Donald Trump is the early-bird special candidate: The older Republicans get, the more they love him

Old conservatives simply cannot get enough of Donald Trump. Here's why

Published July 2, 2015 11:58AM (EDT)

Donald Trump                              (Reuters/Brendan Mcdermid)
Donald Trump (Reuters/Brendan Mcdermid)

Back to the greatest mystery in politics right now: Who the hell are these Republicans who support Donald Trump? Who are they in Iowa, in New Hampshire, in Kentucky, in Michigan, across the nation? Are they dumb, racist, both? Close: They're old.

From the new CNN national poll write-up that has Trump in second place, at 13 percent, behind Jeb Bush's 19 percent:

Trump's competitiveness among those older and more conservative Republicans also helps explain Walker's and Rubio's declines. In April, 16% of Republicans age 50 or older backed Rubio, 14% Walker. Now, Rubio has just 6% among this group and Walker has 7%. Trump grew from 2% in May to 14% now.

Among conservatives in May, Rubio led the field with 15%, Walker was just behind at 14%. Bush had 11%, about the same as in the current poll. Now, Walker has fallen to 8%, and Rubio is down five points to 10%. And Trump has grown from 2% to 12%. Rubio also lost ground among moderate or liberal Republicans, just 1% back Rubio in the new poll, down from 11%.

And the older they get, the more they like Trump. Trump is at 14 percent among Republican voters 50 and over, but he's at 19 percent among voters 65 and older. That fancy man from the television box during Bingo is running for president and he hates the Mexicans. Can I put him in my will?

But maybe there's a policy aspect to this, too, that draws the elderly to the mishmash of words that might be called Donald Trump's platform. The only vaguely coherent part of his platform -- i.e., not the "I'm going to stare China and Mexico in the eye" (hilarious) jargon -- is his support for maintaining the large social insurance programs. He has actually been pretty consistent in his talking points on these matters during both his 2011 flirtation and his current, official run: no cuts to Social Security and Medicare.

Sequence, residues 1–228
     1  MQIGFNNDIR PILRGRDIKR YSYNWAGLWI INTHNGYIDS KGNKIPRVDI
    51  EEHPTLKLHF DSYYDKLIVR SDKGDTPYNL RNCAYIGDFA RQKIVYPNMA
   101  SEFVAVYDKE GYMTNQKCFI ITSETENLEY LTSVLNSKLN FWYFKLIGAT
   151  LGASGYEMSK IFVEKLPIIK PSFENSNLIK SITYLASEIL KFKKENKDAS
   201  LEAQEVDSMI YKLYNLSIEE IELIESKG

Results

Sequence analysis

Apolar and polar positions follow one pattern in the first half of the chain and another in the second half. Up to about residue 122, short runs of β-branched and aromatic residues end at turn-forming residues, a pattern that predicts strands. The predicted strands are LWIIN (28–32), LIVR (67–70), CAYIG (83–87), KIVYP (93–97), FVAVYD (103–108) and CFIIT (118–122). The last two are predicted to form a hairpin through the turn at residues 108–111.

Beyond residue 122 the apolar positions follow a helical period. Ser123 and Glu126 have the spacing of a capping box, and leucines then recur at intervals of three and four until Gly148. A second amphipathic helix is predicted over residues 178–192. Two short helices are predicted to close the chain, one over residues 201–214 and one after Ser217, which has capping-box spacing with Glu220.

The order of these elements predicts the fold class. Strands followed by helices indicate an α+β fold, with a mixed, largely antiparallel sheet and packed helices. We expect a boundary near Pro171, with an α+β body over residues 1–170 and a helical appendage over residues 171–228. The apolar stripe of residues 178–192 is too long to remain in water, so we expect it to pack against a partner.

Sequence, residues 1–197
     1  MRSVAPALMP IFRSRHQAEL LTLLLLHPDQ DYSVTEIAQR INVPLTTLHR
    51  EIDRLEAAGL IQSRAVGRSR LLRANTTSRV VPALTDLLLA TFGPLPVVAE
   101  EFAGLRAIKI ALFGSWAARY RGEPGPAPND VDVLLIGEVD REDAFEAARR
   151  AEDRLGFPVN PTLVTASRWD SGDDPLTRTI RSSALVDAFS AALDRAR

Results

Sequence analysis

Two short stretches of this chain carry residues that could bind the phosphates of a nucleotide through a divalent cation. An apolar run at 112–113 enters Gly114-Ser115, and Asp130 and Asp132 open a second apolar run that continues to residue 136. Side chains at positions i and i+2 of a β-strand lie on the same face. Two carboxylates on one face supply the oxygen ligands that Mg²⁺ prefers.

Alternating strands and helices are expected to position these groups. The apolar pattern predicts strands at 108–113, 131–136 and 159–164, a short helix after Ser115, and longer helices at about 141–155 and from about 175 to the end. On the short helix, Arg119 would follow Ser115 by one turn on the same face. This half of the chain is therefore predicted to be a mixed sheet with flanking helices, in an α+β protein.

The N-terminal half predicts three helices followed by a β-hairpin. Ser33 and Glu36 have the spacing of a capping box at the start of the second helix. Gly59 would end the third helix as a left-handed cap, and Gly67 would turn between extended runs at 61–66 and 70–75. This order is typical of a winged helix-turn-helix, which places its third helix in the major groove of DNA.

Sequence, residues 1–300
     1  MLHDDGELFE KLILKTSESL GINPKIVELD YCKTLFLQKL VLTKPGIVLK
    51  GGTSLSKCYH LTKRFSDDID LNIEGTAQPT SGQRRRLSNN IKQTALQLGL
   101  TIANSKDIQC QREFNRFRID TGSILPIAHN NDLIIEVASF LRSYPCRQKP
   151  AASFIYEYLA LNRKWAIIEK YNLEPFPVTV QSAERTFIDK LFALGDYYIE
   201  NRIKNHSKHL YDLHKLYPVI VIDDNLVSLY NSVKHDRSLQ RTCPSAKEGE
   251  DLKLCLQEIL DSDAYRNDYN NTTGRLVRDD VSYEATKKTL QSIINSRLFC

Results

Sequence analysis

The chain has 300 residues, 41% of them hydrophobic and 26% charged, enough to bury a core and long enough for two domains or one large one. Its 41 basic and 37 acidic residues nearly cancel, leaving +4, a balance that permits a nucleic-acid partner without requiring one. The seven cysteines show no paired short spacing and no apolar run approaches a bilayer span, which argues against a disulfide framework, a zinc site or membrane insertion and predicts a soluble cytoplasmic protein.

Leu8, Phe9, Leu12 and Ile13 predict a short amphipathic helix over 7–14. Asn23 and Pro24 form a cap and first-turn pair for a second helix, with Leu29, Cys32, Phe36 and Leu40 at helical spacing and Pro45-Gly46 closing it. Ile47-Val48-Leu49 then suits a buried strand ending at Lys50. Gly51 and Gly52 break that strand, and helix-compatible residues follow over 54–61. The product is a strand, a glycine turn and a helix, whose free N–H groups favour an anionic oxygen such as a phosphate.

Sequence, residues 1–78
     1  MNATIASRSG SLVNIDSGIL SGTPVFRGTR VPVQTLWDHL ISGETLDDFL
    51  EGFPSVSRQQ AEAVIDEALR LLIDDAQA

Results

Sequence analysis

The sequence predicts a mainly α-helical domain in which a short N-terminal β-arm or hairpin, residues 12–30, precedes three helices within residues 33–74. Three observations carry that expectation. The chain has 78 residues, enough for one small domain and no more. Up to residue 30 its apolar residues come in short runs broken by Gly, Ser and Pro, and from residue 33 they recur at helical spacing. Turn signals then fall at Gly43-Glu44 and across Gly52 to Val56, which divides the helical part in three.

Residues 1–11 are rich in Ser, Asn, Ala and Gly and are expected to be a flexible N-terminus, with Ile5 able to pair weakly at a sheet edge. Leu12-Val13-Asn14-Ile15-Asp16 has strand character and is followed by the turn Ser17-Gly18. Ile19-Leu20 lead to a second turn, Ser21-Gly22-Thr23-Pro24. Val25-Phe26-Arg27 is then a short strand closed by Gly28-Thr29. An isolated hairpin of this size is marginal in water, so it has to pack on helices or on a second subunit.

This would align perfectly with the interests of the older, conservative, "get your government hands off my Medicare!" Tea Party elements he's successfully courting, who believe that a full 99 percent of government spending is devoted to no-strings-attached welfare for African-Americans and foreign aid and don't see what's so difficult about bringing either the short- or long-term fiscal outlooks into alignment.

Here's a quote from Trump in New Hampshire just the other day, as replayed on Rush Limbaugh's program, that shows Trump knows exactly what he's doing:

TRUMP:  When I heard Mitt Romney chose Paul Ryan, I mean, what he's known for is killing entitlements.  I said, "That election is over."  Now, it was really over because Mitt choked in the last month. Let's face it, he choked. He choked like a dog. I don't know what happened to him, but that was not a pretty picture to watch.  I'm not a choker.  He choked like a dog.

This is all part of the game, played by Democrats and Republicans alike, to turn the politics of Social Security and Medicare backward because old people are the ones who vote. The Ryan plan, and all its offshoots over the past few years in Republican policy, would not have laid a hand on anyone who's either old or nearing oldness. Currently. No one within 10 years of receiving Medicare benefits would have been forced to enroll in Ryan's voucher-coupon care. This does not mean that the Ryan plan was Good. It is very bad for younger people who will, one day, be eligible for Medicare. Look at the plans candidates are spreading around for Social Security, too: No one anywhere near retirement will see their Social Security benefits cut; everyone else will see another raise in the retirement age and partial privatization and so forth. The Ryan plan is harmless to current seniors and terrible for younger people.

So Trump -- and Huckabee, too  -- will run around telling old people that all the other candidates want to cut their Social Security and Medicare, and this might work pretty well for them. The truth is, current old people have nothing to fear from any of the Republican candidates. Younger people are the ones who have a lot to fear from them and should be the ones responding to Trump's message to leave everything intact, but Trump freaks younger people out with his insane racism and general clownish air, so.

By Jim Newell

Jim Newell covers politics and media for Salon.

MORE FROM Jim Newell

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2016 Elections Donald Trump Editor's Picks Medicare Old People Republicans Social Security